Scientists Startled by 'City-Killer' Asteroid That Almost Hit Earth This Week
Although you're hopefully not losing any sleep over the fact that a doomsday asteroid could strike Earth at any time and wipe out life as we know it...
Although you're hopefully not losing any sleep over the fact that a doomsday asteroid could strike Earth at any time and wipe out life as we know it, it's still comforting to know experts have sophisticated tracking systems and plans to knock them off course if necessary. Or at least so we believed... until it was discovered that scientists were caught off guard by a "city-killer" asteroid that came startlingly close to our planet earlier this week.
In what was a sobering reminder that we are but a speck at the mercy of the all-powerful universe, scientists discovered a huge asteroid was on course to pass dangerously close to Earth only days before it did so on Thursday, July 25. The space rock, which has been dubbed Asteroid 2019 OK and measures up to 427 feet wide, came within 45,000 miles of our planet, according to The Washington Post. To put that in perspective, that's less than one-fifth the distance between us and the Moon.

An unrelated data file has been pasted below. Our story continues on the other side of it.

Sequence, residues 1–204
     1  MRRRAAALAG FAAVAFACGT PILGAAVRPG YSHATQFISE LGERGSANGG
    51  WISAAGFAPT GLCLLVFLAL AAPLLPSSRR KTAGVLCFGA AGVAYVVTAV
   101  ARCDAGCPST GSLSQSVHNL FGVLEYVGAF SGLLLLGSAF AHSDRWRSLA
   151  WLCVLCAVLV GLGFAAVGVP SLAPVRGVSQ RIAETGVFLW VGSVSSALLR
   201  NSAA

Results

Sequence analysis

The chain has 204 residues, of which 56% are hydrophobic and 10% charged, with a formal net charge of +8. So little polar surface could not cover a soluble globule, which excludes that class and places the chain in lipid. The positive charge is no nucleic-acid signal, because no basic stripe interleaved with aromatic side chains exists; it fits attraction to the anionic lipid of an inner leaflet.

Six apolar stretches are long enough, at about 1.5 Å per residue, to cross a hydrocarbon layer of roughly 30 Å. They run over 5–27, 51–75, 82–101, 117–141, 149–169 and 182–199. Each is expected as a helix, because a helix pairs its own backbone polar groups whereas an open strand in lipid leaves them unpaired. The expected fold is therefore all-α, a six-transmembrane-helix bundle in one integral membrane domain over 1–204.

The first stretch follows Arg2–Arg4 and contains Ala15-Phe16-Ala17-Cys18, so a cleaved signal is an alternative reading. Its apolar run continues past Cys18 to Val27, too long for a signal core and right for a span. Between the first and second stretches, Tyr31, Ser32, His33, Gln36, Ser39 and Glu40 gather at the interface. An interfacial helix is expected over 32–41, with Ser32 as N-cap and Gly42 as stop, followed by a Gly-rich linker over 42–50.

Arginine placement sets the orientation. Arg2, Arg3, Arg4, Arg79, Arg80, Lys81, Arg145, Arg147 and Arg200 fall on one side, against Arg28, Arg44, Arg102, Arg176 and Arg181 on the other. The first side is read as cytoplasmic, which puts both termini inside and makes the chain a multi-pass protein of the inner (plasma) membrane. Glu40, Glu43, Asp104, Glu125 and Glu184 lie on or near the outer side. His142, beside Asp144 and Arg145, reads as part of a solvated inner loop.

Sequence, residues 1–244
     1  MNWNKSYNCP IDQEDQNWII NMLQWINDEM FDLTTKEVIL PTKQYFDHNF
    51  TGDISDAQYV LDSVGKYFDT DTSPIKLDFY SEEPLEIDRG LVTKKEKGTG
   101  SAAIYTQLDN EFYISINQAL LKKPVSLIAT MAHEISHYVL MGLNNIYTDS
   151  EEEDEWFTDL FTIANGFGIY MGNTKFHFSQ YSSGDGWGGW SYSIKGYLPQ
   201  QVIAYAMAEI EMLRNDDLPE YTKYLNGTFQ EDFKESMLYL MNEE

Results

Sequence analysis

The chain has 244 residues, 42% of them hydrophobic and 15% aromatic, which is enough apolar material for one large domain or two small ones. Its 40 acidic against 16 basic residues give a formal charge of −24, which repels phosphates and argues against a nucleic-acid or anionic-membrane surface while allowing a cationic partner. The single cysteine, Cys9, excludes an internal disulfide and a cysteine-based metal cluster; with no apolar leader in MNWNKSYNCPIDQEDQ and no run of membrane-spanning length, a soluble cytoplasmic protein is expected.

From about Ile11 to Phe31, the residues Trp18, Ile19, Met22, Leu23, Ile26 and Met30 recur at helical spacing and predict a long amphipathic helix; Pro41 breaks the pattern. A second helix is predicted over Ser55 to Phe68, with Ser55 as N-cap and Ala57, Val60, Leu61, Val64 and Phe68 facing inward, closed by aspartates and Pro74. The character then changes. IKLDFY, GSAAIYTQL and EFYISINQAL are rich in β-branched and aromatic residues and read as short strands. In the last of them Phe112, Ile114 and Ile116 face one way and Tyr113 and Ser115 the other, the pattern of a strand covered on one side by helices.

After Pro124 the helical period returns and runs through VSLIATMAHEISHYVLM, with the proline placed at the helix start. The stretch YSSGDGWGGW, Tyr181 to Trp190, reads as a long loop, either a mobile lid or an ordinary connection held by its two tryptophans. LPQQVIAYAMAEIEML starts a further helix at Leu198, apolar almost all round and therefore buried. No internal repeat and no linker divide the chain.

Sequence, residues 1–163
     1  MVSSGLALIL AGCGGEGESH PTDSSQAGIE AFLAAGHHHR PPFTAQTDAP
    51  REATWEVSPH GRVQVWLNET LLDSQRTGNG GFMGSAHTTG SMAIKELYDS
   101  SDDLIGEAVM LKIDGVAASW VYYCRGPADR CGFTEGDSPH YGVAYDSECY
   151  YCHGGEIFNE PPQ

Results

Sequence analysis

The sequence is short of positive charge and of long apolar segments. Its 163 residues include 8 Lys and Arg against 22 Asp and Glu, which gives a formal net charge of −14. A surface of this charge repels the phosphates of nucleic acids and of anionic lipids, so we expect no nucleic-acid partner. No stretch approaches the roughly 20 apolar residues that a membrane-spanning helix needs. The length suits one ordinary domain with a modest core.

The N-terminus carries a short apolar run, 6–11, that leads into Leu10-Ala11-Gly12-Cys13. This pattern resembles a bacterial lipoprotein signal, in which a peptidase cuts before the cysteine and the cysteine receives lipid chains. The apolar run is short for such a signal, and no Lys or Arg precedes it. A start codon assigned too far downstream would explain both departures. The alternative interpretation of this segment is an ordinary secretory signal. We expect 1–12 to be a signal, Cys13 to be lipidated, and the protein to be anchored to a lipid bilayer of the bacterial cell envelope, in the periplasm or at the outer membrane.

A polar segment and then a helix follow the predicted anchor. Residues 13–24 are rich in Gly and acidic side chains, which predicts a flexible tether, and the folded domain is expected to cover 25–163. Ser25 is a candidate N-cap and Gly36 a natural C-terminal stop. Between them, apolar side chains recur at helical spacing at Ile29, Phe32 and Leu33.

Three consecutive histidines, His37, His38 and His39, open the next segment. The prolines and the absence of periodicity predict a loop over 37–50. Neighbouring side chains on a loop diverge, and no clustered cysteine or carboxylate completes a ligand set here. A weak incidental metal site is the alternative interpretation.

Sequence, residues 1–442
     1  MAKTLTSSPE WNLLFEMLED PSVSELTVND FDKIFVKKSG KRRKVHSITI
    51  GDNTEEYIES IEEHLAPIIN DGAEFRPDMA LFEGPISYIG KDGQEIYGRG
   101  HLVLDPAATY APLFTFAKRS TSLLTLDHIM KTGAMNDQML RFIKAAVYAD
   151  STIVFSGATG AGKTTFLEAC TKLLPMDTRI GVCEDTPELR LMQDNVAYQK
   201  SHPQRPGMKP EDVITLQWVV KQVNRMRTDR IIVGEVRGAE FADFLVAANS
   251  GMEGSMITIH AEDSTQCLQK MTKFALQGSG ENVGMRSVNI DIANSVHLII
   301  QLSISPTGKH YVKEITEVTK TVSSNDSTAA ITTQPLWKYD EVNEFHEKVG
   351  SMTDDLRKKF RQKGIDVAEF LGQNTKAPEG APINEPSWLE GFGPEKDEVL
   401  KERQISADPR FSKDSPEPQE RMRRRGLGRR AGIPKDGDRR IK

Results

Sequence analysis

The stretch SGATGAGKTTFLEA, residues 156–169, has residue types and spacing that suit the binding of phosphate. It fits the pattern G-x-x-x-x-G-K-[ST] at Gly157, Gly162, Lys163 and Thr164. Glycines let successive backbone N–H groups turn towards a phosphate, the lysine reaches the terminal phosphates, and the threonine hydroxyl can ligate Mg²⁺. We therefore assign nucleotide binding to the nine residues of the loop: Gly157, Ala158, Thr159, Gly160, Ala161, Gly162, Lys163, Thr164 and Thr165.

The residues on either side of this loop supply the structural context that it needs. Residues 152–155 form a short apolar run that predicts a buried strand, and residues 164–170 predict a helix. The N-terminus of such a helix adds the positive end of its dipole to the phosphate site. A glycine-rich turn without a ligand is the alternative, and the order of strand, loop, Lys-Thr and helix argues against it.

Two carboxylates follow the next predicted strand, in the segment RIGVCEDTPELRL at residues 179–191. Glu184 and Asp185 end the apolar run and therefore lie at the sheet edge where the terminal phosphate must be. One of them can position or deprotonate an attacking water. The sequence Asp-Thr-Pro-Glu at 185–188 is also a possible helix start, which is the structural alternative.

Typically, they're able to spot asteroids on track to be in such close proximity well ahead of time, but this one proved particularly tough to notice.
“It snuck up on us pretty quickly,” said Michael Brown, an associate professor in Australia with Monash University’s School of Physics and Astronomy, per WaPo. “People are only sort of realizing what happened pretty much after it’s already flung past us.”
The asteroid was evidently discovered only days before it was set to make its close pass and information about its size and path was announced just hours beforehand. Brown said that the asteroid's eccentric orbit and speed were factors in it going undetected. An animated model of its brush past our Pale Blue Dot was shared widely on Twitter.
"It shook me out my morning complacency,” Brown said. “It’s probably the largest asteroid to pass this close to Earth in quite a number of years.”
Asteroids of this magnitude are frequently dubbed "city-killer asteroids" since even a chunk of them reaching the ground is enough to do incredible damage, according to Alan Duffy, the lead scientist at the Royal Institution of Australia.
“It would have gone off like a very large nuclear weapon” he told WaPo. “Many megatons, perhaps in the ballpark of 10 megatons of TNT, so something not to be messed with.”
Fortunately, scientists are hard at work developing more advanced asteroid-detection systems and engaging in global preparedness drills. But this is still an alarming wake-up call, according to Duffy.
“It should worry us all, quite frankly,” he said. “It’s not a Hollywood movie. It is a clear and present danger.”
Anyway, have a great weekend!